Primate of the week: Greater Bamboo Lemur

Prolemur Simus



Suborder: Strepsirrhini

Infraorder: Lemuriformes

Superfamily: Lemuroidea

Family: Lemuridae


Greater bamboo lemurs are the largest bamboo lemur. It has a short and broad muzzle (Groves, 2001). They have a reddish gray brown back and tail and an olive brown head, neck and arms. Their stomachs are cream colored with a rusty brown pygal patch (Muschler and Tan, 2003; Mittermeier et al. 2006). They have whitish gray and a dark gray face (Garbutt, 1999). They also have large glands above their elbows (Grove, 2001). Greater bamboo lemur females have four nipples (Ankel –Simmons, 2007).


Greater bamboo lemurs mainly move quadrepedally on horizontal supports and leaping between vertical supports (Andriaholinirina et al., 2003).


Greater bamboo lemurs are located only in Madagascar (Godfrey et al., 2004). They are found within primary and degraded eastern humid forests with large wood bamboos (Mutschler and Tan, 2003). Greater bamboo lemurs diet mainly consists of giant bamboo (Cathariostachys madagascariensis), as well as other bamboo species, and grasses (Tan, 1999; Tan 2003).


Greater bamboo lemurs eat the bamboo through puncturing the stalks and peeling off pieces (Yamashita et al., 2009).


Greater bamboo lemurs live in groups of seven to eleven individuals (Mutschler & Tan, 2003; Tan 2006; Wright et al., 2008). Groups tend to be polygynous (Andriaholinirina et al., 2003; Tan, 2006). Greater bamboo lemurs also have mating season in the late May and June with the birth season occurring October and November (Mutschler and Tan, 2003; Tan 2006). The interbirth ratio is on year and gestation is 149 days (Mutschler and Tan, 2003). Greater bamboo lemurs do not park their infants and instead carry their young all the time in the first four months of life (Mutschler and Tan, 2003; Tan 2006) Infants are weaned at 8 months old and begin eating bamboo at 8 weeks olds (Tan, 2006).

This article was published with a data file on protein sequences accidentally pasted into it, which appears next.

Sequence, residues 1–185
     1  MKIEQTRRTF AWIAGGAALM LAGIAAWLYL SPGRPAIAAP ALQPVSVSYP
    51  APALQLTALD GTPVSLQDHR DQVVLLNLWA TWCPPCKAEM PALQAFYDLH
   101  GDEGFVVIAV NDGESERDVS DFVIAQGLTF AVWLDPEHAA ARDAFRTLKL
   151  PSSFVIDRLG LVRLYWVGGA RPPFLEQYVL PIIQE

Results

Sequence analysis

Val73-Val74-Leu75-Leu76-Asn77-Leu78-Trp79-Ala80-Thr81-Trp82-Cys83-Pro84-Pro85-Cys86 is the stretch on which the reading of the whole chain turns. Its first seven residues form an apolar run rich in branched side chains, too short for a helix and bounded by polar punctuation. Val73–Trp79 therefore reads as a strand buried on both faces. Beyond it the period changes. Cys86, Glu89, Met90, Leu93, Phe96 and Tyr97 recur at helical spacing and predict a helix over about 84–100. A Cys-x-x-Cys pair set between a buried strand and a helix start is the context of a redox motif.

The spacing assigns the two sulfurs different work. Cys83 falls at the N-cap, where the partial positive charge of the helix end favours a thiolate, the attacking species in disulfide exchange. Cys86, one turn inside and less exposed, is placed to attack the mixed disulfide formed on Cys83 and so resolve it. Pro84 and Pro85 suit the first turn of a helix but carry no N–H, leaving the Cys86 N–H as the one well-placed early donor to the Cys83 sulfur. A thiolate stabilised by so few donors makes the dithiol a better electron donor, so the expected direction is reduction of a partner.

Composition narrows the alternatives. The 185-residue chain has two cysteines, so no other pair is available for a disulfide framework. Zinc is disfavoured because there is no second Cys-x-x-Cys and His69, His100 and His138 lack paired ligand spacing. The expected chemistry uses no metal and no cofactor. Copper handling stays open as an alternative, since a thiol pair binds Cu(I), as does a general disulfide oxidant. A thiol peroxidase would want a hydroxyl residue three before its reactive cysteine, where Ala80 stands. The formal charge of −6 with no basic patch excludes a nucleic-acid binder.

Work Cited

Andriaholinirina VN, Fausser J-L, Rabarivola JC. 2003. Étude comparative de Hapalemur simus (Gray, 1870) de deux sites de la province autonome de Fianarantsoa, Madagascar: forêt secondaire do Park National de Ranomafana. Lemur News 8:9-13.

Ankel-Simons F. 2007. Primate anatomy: an introduction, third edition. San Diego: Elsevier. 724p.

Groves C. 2001. Primate taxonomy. Washington DC: Smithsonian Inst Pr. 350 p.

Mutschler T, Tan CL. 2003. Hapalemur, bamboo or gentle lemurs. In: Goodman SM, Benstead JP, editors. The natural history of Madagascar. Chicago: U Chicago Pr. p1324-9.

Tan CL. 2000. Behavior and ecology of three sympatric bamboo lemur species (genus Hapalemur) in Ranomafana national Park, Madagascar. PhD dissertation, State University of New York, Stony Brook. Tan CL. 2006. Behavior and ecology of gentle lemurs (Genus Hapalemur). In: Gould L, Sauther ML, editors. Lemurs: ecology and adaptation. New York: Springer. p 369-81.

Tan CL. 1999. Group composition, home range size, and diet of three sympatric bamboo lemur species (Genus Hapalemur) in Ranomafana National Park, Madagascar. Int J Primatol 20(4):547-66.

Wright PC, Johnson SE, Irwin MT, Jacobs R, Schlichting P, Lehman S, Louis Jr EE, Arrigo-Nelson SJ, Raharison J-L, Rafalirarison RR, Razafindratsita V, Ratsimbazafy J, Ratelolahy FJ, Dolch R, Tan C. 2008. The crisis of critically endangered greater bamboo lemur (Prolemur simus). Prim Conserv 23:5-17.

Wright PC, Larney E, Louis Jr. EE, Dolch R, Rafaliarison RR. 2009. Greater bamboo lemur. In: Mittermeier RA, Wallis J, Rylands AB, Ganzhorn JU, Oates JF, Williamson EA, Palacios E, Heymann EW, Kierulff MCM, Long Y, Supriatna J, Roos C, Walker S, Cortés-Ortiz L, Schwitzer, editors. Primates in peril: the world’s 25 most endangered primates, 2008-2010. Arlington(VA): IUCN/SSC PSG, IPS,


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